BIOL 0007A. Human Anatomy I

Units: 2.5
Prerequisite: Eligibility for ENGL 11
Advisory: Completion of BIOL 55, 56, HSCI 3, or previous science course with grade of "C" or better, or experience in health care field; completion of MATH D with grade of "C" or better; eligibility for ENGL 1A
Hours: 72 (36 lecture, 36 laboratory)
Structure, relationships among structures, and histology of the human body from cellular to organ system levels of organization. Includes integumentary, skeletal, nervous, and sensory systems. Cadaver prosections are used for instruction. The sequence of BIOL 7A/7B is equivalent to BIOL 5. Students enrolling in BIOL 5 after having taken BIOL 7A will lose credit for BIOL 7A. (combined with BIOL 7B, C-ID BIOL 110B) (CSU, UC-with unit limitation)

BIOL 0007B. Human Anatomy II

Units: 2.5
Prerequisite: Completion of BIOL 7A with grade of "C" or better
Hours: 72 (36 lecture, 36 laboratory)
Structure, relationships among structures, and histology of the human body from cellular to organ system levels of organization. Includes muscle, cardiovascular, lymphatic, endocrine, respiratory, digestive, urinary and reproductive systems. Cadaver prosections are used for instruction. The sequence of BIOL 7A/7B is equivalent to BIOL 5. (combined with BIOL 7A, C-ID BIOL 110B) (CSU, UC-with unit limitation)

BIOL 0008A. Microbiology I

Units: 2.5
Prerequisite: Completion of high school chemistry, CHEM A, or higher level chemistry course with grade of "C" or better
Advisory: Eligibility for ENGL 11 strongly recommended
Hours: 81 (27 lecture, 54 laboratory)
Introduction to the biochemistry, morphology, classification and physiology of microorganisms, especially bacteria. Emphasis on the significance of microorganisms to human health and global ecology. The sequence of BIOL 8A/8B is equivalent to BIOL 4. Students enrolling in BIOL 4 after having taken BIOL 8A will lose credit for BIOL 8A. (CSU, UC-with unit limitation)

BIOL 0008B. Microbiology II

Units: 2.5
Prerequisite: Completion of BIOL 8A with grade of "C" or better
Advisory: Eligibility for ENGL 11 strongly recommended
Hours: 81 (27 lecture, 54 laboratory)
Introduction to microbial genetics and metabolic regulation, viruses, microbial control, host defense, immunization, epidemiology, mechanisms of pathogenicity, and significance of microorganisms, especially bacteria and viruses. Emphasis on the significance of microorganisms to human health and global ecology. Laboratory topics include traditional and modern techniques of microbial classification, recombinant DNA technology, and bacteriophage biology. The sequence of BIOL 8A/8B is equivalent to BIOL 4. CSU, UC-with unit limitation)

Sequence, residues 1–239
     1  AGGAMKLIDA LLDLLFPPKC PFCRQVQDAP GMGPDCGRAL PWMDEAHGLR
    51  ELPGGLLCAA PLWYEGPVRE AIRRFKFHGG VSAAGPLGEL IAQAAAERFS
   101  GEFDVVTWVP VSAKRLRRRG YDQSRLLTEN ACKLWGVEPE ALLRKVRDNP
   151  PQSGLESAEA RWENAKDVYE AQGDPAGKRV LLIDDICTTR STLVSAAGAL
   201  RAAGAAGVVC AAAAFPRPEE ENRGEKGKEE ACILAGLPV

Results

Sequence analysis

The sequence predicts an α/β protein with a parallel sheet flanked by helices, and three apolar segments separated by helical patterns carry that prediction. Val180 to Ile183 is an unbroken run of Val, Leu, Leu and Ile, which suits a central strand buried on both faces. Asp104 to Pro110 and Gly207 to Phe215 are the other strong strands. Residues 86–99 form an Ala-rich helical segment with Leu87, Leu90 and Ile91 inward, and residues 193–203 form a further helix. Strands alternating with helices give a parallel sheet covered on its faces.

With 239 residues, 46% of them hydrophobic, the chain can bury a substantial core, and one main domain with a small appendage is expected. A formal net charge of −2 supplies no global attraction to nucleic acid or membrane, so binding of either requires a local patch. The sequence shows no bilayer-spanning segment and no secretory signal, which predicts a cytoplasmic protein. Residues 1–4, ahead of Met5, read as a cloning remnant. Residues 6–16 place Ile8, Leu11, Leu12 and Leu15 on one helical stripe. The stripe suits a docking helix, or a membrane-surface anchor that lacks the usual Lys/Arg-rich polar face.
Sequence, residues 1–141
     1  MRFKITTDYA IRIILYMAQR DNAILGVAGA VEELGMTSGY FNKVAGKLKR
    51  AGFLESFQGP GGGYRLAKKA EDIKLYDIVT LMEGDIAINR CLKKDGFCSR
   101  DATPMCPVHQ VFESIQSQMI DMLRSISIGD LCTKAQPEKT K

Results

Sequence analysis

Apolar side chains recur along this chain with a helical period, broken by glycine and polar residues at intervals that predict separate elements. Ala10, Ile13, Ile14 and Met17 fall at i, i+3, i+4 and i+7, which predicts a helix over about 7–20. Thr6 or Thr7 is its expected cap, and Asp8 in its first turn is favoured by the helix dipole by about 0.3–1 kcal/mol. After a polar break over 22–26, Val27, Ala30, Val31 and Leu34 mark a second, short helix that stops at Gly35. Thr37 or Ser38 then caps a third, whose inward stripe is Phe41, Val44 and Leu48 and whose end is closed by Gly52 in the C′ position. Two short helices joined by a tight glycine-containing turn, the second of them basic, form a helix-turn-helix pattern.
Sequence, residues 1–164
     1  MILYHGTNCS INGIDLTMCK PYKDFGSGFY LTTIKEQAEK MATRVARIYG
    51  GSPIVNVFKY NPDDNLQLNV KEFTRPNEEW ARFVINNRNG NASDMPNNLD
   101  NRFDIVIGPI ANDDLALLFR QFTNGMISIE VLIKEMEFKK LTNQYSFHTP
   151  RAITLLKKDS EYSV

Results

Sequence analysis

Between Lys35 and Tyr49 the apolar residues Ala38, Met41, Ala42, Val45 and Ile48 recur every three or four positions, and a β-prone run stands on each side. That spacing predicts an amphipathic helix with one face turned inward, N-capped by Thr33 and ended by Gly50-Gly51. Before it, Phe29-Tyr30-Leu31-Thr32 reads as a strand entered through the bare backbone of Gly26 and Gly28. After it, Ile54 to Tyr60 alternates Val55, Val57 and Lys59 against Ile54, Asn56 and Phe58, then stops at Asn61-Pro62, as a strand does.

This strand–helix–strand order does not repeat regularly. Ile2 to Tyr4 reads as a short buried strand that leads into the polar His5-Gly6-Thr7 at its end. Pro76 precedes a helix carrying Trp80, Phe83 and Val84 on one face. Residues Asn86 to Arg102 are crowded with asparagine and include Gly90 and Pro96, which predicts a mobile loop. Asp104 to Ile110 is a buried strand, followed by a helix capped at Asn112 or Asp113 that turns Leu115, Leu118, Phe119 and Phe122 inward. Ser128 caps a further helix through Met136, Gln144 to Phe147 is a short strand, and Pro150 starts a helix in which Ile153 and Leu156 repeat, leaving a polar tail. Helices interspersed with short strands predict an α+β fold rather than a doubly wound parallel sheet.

BIOL 0010. Introduction to Biology

Units: 3
Advisory: Eligibility for ENGL 1A
Hours: 54 lecture
Designed for non-life science majors desiring an introductory biology course without a lab. Introduces the main concepts of biology, covering molecular and cell biology, heredity and nature of genes, biotechnology, evolution, diversity of life, and principles of ecology. Students enrolling in BIOL 11 after having taken BIOL 10 will lose credit for BIOL 10. (CSU, UC-with unit limitation)

BIOL 0011. Concepts of Biology

Units: 4
Advisory: Eligibility for ENGL 1A and MATH 12
Hours: 108 (54 lecture, 54 laboratory)
Designed for non-life science majors desiring an introductory biology course with a lab. Introduces the main concepts of biology, covering molecular and cell biology, heredity and nature of genes, biotechnology, evolution, diversity of life, and principles of ecology. Students enrolling in BIOL 11 after having taken BIOL 10 will lose credit for BIOL 10. Not recommended for students who have completed BIOL 56 and 56L. (CSU, UC-with unit limitation)

BIOL 0013. Field Methods in Ecology

Units: 3
Formerly known as BIOL 13B
Advisory: Completion of BIOL 14 strongly recommended
Hours: 90 (36 lecture, 54 laboratory)
Introduction to methods for sampling and studying environmental parameters of ecosystems and organisms. Identification of microscopic and macroscopic organisms, quantitative and qualitative field research techniques and procedures applicable to environmental assessment and population monitoring. Field trips required. (CSU)

BIOL 0014. Natural History, Ecology and Conservation

Units: 4
Also known as ESS 0014
Advisory: Eligibility for ENGL 0001A
Hours: 108 (54 lecture, 54 laboratory)
Introduction to the study of biology and ecology of organisms and ecosystems of the world, with an emphasis on California. Special focus on significance of functioning ecosystems and human influence on biological environment. (CSU, UC)

BIOL 0015. Marine Biology

Units: 4
Advisory: Eligibility for ENGL 11